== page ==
Southern Resident killer whales, a population of Orcas in the Salish Sea, may benefit from a recent court ruling imposing regulations on the Phillips 66 oil refinery in Ferndale.
On April 6, Whatcom County Superior Court Judge David Freeman ruled that Phillips 66 must account for how vessel shipments affect the Southern Resident killer whale population. This ruling came in response to a 2019 district court appeal made by Friends of the San Juans, an environmental advocacy organization, asking the refinery to quantify the quantity of vessel traffic associated with the construction of several oil storage tanks.
Southern Resident killer whales have been listed under the U.S. Fish and Wildlife Service’s Endangered Species Act since 2005.
As of May 2021, there are 75 living Southern Resident killer whales which are separated into three separate pods according to Shari Tarantino, executive director of Orca Conservancy in Seattle.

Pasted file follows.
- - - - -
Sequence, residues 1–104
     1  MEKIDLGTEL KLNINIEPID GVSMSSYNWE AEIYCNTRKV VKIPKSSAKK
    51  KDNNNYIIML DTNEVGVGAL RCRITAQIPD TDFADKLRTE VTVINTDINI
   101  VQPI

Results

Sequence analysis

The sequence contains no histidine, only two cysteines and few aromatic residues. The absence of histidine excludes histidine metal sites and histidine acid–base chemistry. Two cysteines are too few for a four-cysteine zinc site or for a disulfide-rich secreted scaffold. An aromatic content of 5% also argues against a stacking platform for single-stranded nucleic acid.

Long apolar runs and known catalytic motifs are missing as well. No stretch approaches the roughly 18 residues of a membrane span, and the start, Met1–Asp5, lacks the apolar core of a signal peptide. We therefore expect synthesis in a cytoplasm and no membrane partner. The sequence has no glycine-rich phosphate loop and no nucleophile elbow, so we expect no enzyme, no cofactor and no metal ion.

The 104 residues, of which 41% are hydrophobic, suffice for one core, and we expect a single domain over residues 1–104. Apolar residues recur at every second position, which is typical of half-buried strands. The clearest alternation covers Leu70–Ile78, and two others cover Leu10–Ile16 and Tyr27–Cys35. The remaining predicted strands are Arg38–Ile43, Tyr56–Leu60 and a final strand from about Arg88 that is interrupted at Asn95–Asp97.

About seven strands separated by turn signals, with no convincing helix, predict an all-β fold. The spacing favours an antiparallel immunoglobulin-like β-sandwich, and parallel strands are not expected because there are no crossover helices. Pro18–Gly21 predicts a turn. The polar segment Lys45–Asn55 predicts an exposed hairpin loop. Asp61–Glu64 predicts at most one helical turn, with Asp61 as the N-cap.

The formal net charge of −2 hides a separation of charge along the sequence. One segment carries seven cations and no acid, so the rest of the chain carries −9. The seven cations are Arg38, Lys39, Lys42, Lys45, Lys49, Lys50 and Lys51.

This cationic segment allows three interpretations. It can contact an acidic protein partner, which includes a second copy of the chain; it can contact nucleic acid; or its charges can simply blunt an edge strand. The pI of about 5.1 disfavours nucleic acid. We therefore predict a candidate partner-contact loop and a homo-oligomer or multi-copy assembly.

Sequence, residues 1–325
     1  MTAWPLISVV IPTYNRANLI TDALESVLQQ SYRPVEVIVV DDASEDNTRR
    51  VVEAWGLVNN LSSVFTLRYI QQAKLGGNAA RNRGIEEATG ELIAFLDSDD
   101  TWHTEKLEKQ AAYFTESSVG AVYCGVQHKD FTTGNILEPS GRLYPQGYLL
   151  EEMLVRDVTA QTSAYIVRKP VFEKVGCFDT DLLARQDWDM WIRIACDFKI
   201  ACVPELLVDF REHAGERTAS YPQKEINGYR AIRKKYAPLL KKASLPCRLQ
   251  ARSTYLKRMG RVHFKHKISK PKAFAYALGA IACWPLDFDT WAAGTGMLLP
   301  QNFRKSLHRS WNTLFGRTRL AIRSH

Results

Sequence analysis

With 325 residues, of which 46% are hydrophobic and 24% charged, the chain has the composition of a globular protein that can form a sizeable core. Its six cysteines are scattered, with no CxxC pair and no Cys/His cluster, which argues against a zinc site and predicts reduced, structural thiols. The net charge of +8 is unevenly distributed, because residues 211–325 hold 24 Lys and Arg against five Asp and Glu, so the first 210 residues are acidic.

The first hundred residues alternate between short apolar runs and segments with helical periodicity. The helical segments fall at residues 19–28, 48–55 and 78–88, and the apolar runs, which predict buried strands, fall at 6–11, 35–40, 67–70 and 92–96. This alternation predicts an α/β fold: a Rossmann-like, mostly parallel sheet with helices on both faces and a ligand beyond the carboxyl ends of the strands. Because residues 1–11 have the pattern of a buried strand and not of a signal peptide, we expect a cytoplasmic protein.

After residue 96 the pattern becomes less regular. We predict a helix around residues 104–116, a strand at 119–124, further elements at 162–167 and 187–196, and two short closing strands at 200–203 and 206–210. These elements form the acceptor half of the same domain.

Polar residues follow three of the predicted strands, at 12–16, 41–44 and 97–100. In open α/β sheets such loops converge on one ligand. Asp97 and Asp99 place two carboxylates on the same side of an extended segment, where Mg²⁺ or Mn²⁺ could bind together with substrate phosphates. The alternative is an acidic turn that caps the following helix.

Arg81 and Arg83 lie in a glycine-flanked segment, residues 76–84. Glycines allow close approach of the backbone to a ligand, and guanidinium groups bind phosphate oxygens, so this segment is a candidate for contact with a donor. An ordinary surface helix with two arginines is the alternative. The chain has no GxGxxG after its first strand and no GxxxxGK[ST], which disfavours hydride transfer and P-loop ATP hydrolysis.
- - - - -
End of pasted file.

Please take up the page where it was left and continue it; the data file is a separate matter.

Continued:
“The protection and recovery of the Southern Resident killer whales has been one of our top priorities,” said Lovel Pratt, director of the marine protection program at Friends of the San Juans.
Operations at Phillips 66 and other refineries located in Whatcom County’s Cherry Point Industrial Zone have significant impacts on the marine ecosystem.
Tarantino said one of those operations is called transshipment — the process of moving goods to a holding facility between its starting point and final destination. Right now, she said oil from North Dakota is being moved to Cherry Point before it’s shipped elsewhere.